¶4 Physical violence is not a necessary element of "extreme cruelty" under section 665, O. S. 1931, enumerating various causes or grounds for divorce. But is conduct or treatment which renders cohabitation intolerable, which destroys the concord, harmony, happiness, and affection of the parties, and the legitimate aims, objects, purposes, and end of matrimony, or grievously wounds the mental feelings or so destroys the peace of mind as seriously to impair the health or endanger the life of the other. Finnell v. Finnell (1925) 113 Okla. 164, 240 P. 62; McCurdy v. McCurdy (1926) 123 Okla. 295, 253 P. 295; Hink v. Hink (1928) 131 Okla. 164, 268 P. 282; Hornor v. Hornor (1933) 166 Okla. 103, 26 P.2d 929.

¶5 Where, in an action for divorce on the ground of extreme cruelty, the evidence is conflicting as to the facts and the fault, but there is sufficient evidence to sustain the judgment of the trial court, the same will not be disturbed on appeal. Stovall v. Stovall (1911) 29 Okla. 125, 116 P. 791; Faughn v. Faughn (1925) 111 Okla. 227, 239 P. 134; Bruce v. Bruce (1930) 141 Okla. 160, 285 P. 30; Bussey v. Bussey (1931) 148 Okla. 10, 296 P. 401. The appellant has the burden of showing that the judgment is against the clear weight of the evidence, McCurdy v. McCurdy, supra; Hornor v. Hornor, supra.

¶6 It cannot be said that the judgment of the trial court granting the husband a divorce is against the clear weight of the evidence.

¶7 If the conduct of the wife entitled the husband to a divorce, then the trial court did not err in denying her petition for separate maintenance. 30 C. J. p. 1076, par. 871. See, also, Doggett v. Doggett (1922) 85 Okla. 90, 203 P. 223, and Walker v. Walker (1929) 140 Okla. 1, 282 P. 361.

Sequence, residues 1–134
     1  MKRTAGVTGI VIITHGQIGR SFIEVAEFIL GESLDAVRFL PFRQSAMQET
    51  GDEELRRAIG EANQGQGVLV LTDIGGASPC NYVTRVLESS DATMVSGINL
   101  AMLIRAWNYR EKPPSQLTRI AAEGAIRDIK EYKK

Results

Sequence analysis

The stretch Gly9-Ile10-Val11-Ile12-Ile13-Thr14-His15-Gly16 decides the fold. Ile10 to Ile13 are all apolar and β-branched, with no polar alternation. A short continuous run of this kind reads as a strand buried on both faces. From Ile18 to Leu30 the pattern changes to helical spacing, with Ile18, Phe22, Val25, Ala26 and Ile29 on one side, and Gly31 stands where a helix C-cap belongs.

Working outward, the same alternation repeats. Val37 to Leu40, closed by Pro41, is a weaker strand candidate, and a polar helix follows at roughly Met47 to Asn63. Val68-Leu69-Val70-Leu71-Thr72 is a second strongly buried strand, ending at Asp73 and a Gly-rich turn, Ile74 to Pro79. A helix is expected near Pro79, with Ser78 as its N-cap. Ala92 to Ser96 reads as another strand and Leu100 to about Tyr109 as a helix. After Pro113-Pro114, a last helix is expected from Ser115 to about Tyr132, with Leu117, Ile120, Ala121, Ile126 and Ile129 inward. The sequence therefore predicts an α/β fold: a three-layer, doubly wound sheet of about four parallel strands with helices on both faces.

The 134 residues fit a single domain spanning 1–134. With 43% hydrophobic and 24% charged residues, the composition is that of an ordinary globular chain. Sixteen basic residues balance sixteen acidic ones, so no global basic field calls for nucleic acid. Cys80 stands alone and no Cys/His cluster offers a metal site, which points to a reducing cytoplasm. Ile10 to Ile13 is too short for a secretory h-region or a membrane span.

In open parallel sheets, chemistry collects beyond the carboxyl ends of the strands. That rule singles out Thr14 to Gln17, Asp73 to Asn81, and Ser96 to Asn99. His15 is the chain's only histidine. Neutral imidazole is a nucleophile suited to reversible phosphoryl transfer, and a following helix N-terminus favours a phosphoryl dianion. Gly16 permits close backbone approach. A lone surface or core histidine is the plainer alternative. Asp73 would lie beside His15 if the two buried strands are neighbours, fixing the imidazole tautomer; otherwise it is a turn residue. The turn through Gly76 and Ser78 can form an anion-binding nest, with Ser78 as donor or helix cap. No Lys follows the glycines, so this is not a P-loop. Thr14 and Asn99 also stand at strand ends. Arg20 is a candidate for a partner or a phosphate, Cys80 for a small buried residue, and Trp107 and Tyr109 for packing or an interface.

¶8 Remarks or comments of the trial judge during the course of the trial, which, it is claimed, indicate bias and prejudice, not excepted to at the time, or assigned as error in the motion for new trial, cannot be objected to for the first time in the appellate court. Drumm-Flato Commission Co. v. Edmisson (1906) 17 Okla. 344, 87 P. 311, judgment affirmed (1908) 28 S. Ct. 367, 208 U.S. 534, 52 L. Ed. 606; Gast v. Barnes (1914) 44 Okla. 107, 143 P. 856.

¶9 The judgment of the trial court is affirmed.

¶10 The Supreme Court acknowledges the aid of Attorneys J.P. Hannigan, R.A. Hockensmith, and E.J. Gilder in the preparation of this opinion. These attorneys constituted an advisory committee selected by the State Bar, appointed by the Judicial Council, and approved by the Supreme Court. After the analysis of law and facts was prepared by Mr. Hannigan and approved by Mr. Hockensmith and Mr. Glider, the cause was assigned to a Justice of this court for examination and report to the court. Thereafter, upon consideration by a majority of the court, this opinion was adopted.